The benefits of a vaccine passports scheme to gain entry to venues are “finely balanced” and it is not guaranteed to come into force when Covid restrictions end, according to a senior minister.
Cabinet Office minister Michael Gove has been leading a review into the use of Covid status certification for the Government, visiting Israel as part of the process to assess the effectiveness of a similar “green pass” scheme deployed in the Middle East country.
Giving evidence to MPs on the Public Administration and Constitutional Affairs Committee, Gove said asking people to prove their Covid status could allow large events, such as football matches, to resume at full capacity if coronavirus restrictions look likely to remain in place.
The Prime Minister on Thursday told reporters he had not seen “anything currently in the data” to divert from the target of lifting all measures by June 21, as part of Step 4 of his road map out of lockdown.
Gove said there was not an “ironclad” link between the June 21 date and the possible introduction of Covid status certification, but that its deployment domestically could help “economic and social life … return more quickly”.
He said conversations had taken place with the Scottish Government about recognising paper-proof of a jab to ensure vaccinated Scotland football fans can attend the clash with England in the European Championships at Wembley this summer, which raises the prospect of a form of vaccine passport being in force by June 18.
A review into the potential use of the certification – which would include not only vaccine details but also whether someone has a negative test result or has previously been infected with the virus – had been due to report this month, but that has now been delayed until after the Commons returns from a recess in the week of June 7.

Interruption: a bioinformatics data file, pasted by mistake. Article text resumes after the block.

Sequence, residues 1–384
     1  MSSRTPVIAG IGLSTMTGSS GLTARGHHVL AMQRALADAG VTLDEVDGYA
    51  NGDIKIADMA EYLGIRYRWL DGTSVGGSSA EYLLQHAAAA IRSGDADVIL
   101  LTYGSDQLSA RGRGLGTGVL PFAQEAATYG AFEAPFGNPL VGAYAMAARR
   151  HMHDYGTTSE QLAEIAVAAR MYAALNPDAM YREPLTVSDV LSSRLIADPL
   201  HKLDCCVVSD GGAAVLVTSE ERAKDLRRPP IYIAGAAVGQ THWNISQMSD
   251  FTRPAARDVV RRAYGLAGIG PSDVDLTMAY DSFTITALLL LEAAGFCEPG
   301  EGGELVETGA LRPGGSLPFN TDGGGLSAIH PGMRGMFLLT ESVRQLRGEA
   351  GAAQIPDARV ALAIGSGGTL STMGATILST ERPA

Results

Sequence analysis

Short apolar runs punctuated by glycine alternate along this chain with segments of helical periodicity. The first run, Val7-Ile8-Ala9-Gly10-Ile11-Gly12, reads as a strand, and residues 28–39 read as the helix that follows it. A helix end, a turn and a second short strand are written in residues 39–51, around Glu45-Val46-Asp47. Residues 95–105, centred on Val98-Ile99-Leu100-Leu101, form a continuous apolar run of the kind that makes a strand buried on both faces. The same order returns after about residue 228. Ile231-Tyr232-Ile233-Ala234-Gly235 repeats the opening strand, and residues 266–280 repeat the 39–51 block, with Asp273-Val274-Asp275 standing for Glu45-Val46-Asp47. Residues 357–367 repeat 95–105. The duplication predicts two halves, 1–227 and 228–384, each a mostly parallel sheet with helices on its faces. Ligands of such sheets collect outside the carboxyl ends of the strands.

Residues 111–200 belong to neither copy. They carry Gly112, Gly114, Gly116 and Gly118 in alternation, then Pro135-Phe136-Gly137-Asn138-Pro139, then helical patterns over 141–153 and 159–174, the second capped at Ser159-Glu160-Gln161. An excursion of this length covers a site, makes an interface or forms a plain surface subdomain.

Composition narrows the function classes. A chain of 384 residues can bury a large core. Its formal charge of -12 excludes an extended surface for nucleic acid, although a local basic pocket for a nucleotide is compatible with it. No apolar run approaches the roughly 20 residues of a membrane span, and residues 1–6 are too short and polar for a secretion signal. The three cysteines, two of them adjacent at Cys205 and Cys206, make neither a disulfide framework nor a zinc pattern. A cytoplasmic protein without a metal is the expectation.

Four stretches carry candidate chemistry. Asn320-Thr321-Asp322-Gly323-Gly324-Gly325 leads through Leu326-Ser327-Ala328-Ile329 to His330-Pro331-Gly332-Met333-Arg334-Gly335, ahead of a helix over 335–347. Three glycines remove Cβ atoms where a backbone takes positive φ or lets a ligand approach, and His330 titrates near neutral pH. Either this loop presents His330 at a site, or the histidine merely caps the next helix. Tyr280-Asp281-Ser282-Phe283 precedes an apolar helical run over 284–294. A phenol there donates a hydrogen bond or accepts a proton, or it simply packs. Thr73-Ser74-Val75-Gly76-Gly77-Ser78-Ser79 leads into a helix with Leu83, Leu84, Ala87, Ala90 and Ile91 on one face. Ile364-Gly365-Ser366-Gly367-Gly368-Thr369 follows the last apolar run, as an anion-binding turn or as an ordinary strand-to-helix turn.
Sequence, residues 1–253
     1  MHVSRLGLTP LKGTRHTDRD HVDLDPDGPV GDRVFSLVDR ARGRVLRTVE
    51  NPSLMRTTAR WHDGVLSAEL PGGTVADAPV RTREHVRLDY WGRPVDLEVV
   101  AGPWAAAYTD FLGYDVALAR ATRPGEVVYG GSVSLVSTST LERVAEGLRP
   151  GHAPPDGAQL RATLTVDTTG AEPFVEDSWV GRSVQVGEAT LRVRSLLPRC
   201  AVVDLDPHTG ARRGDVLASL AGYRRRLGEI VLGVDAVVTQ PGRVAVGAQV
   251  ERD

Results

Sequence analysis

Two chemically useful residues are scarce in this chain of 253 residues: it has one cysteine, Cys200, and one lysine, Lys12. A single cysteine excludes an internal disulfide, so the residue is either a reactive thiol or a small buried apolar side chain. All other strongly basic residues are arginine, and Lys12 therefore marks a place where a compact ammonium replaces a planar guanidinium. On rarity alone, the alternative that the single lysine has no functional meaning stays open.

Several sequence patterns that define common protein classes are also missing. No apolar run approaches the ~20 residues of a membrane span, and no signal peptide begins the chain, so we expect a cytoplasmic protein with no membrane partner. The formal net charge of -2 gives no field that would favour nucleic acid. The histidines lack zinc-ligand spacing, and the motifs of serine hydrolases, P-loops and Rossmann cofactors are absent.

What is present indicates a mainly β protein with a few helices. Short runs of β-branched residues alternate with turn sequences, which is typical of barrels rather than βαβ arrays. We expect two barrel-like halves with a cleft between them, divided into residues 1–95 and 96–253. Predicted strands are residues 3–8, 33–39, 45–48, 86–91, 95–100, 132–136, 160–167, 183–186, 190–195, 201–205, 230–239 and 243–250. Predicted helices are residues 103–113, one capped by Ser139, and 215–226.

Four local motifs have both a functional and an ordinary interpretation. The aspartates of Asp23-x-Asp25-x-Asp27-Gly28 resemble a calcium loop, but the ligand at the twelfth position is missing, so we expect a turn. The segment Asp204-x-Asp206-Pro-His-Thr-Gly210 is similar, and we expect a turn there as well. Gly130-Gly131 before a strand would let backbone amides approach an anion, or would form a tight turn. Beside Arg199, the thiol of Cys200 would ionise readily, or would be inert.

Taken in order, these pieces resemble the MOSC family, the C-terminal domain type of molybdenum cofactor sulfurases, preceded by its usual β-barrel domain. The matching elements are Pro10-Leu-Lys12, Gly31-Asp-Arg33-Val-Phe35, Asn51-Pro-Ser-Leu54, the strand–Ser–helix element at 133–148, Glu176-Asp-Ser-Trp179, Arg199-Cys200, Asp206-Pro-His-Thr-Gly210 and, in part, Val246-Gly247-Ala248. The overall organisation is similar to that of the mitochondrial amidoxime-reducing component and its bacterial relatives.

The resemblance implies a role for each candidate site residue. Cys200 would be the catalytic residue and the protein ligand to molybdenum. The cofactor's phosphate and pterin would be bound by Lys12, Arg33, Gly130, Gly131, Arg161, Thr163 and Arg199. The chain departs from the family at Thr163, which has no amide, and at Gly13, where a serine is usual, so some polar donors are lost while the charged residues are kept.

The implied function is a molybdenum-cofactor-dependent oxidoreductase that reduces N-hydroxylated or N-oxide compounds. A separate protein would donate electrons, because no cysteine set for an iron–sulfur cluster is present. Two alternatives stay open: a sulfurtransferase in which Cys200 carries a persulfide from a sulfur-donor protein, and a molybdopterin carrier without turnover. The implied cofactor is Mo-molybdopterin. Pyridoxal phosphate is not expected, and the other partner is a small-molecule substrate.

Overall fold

The Chancellor of the Duchy of Lancaster said if such a scheme proved too costly or too much “hassle” for the hospitality industry, then the Government would not pursue it.
The NHS app has already been altered to allow users to prove their vaccine status and Mr Gove said further changes were in the pipeline so test results could be declared as well.
Asked by MPs how balanced in his view were the costs and benefits of Covid status certification, he replied: “Finely balanced.”
Detailing how the system could work, Mr Gove said: “To take a case in point, if it is the case that we want to see the restoration of Premier League football, which I certainly do, then in order for that to happen we would want to have, and indeed Premier League teams would also want to have, their stadia full to maximum capacity.
“Certification may play a role in that if the alternative were to, for example, to continue with social distancing and other forms of restrictions such as crowd capacity limits.
“So, in that sense, and that is just one example, the deployment of certification and the investment in that infrastructure would enable the economic and social life of the country to return more quickly and safely.”
He denied that vaccine passports were a way of encouraging take-up of jabs and said many venues would be excluded from such measures.
The Cabinet minister said public transport operators, libraries, Government buildings, job centres and essential retail would not be allowed to ask for someone’s Covid status before entry, should the scheme be brought in.
Dr Susan Hopkins, interim chief medical adviser for NHS Test and Trace, said data indicated that opening up events to vaccinated people or those who could prove they had either previously contracted Covid or were negative could reduce the transmission risk by as much as half.
The Public Health England official told the committee: “All of those things together are likely to reduce the risk of transmission by 30%-50%.”
It comes after Culture Secretary Oliver Dowden heralded pilot events a “real success” after only 15 positive cases were detected among the 58,000 participants, who attended events ranging from an FA Cup semi-final at Wembley to a nightclub in Liverpool.